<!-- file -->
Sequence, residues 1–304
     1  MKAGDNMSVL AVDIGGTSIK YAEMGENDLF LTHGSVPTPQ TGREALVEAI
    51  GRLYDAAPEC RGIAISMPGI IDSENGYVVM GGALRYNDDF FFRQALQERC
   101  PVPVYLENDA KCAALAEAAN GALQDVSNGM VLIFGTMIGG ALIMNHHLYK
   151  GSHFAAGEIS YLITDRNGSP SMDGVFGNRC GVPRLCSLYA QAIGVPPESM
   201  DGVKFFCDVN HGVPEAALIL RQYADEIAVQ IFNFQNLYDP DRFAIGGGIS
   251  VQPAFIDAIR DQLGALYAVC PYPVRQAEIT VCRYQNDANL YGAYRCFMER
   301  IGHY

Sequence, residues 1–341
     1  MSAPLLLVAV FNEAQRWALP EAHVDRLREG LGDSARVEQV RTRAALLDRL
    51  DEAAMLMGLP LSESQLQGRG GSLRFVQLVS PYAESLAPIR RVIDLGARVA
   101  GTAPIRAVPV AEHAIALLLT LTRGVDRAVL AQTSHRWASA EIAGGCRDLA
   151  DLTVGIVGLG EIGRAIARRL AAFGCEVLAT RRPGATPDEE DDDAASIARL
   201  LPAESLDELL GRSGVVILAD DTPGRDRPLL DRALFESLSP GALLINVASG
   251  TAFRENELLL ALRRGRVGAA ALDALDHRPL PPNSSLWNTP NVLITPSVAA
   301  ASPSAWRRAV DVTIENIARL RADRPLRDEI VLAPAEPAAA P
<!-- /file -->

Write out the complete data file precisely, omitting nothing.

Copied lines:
Sequence, residues 1–304
     1  MKAGDNMSVL AVDIGGTSIK YAEMGENDLF LTHGSVPTPQ TGREALVEAI
    51  GRLYDAAPEC RGIAISMPGI IDSENGYVVM GGALRYNDDF FFRQALQERC
   101  PVPVYLENDA KCAALAEAAN GALQDVSNGM VLIFGTMIGG ALIMNHHLYK
   151  GSHFAAGEIS YLITDRNGSP SMDGVFGNRC GVPRLCSLYA QAIGVPPESM
   201  DGVKFFCDVN HGVPEAALIL RQYADEIAVQ IFNFQNLYDP DRFAIGGGIS
   251  VQPAFIDAIR DQLGALYAVC PYPVRQAEIT VCRYQNDANL YGAYRCFMER
   301  IGHY

Sequence, residues 1–341
     1  MSAPLLLVAV FNEAQRWALP EAHVDRLREG LGDSARVEQV RTRAALLDRL
    51  DEAAMLMGLP LSESQLQGRG GSLRFVQLVS PYAESLAPIR RVIDLGARVA
   101  GTAPIRAVPV AEHAIALLLT LTRGVDRAVL AQTSHRWASA EIAGGCRDLA
   151  DLTVGIVGLG EIGRAIARRL AAFGCEVLAT RRPGATPDEE DDDAASIARL
   201  LPAESLDELL GRSGVVILAD DTPGRDRPLL DRALFESLSP GALLINVASG
   251  TAFRENELLL ALRRGRVGAA ALDALDHRPL PPNSSLWNTP NVLITPSVAA
   301  ASPSAWRRAV DVTIENIARL RADRPLRDEI VLAPAEPAAA P